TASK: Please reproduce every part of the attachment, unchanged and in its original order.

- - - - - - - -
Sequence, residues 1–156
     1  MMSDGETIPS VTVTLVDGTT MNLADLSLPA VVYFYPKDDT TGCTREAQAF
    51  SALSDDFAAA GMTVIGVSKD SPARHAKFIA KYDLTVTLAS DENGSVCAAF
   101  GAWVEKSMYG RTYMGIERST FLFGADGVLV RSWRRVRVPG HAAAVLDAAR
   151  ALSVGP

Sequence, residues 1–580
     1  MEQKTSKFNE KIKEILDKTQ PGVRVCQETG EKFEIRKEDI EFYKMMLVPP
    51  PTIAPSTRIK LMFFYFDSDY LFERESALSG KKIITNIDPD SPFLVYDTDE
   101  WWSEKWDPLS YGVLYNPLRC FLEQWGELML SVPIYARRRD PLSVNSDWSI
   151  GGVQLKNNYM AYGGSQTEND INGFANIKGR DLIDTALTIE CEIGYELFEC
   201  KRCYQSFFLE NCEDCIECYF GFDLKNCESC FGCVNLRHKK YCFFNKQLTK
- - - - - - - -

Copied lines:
Sequence, residues 1–156
     1  MMSDGETIPS VTVTLVDGTT MNLADLSLPA VVYFYPKDDT TGCTREAQAF
    51  SALSDDFAAA GMTVIGVSKD SPARHAKFIA KYDLTVTLAS DENGSVCAAF
   101  GAWVEKSMYG RTYMGIERST FLFGADGVLV RSWRRVRVPG HAAAVLDAAR
   151  ALSVGP

Sequence, residues 1–580
     1  MEQKTSKFNE KIKEILDKTQ PGVRVCQETG EKFEIRKEDI EFYKMMLVPP
    51  PTIAPSTRIK LMFFYFDSDY LFERESALSG KKIITNIDPD SPFLVYDTDE
   101  WWSEKWDPLS YGVLYNPLRC FLEQWGELML SVPIYARRRD PLSVNSDWSI
   151  GGVQLKNNYM AYGGSQTEND INGFANIKGR DLIDTALTIE CEIGYELFEC
   201  KRCYQSFFLE NCEDCIECYF GFDLKNCESC FGCVNLRHKK YCFFNKQLTK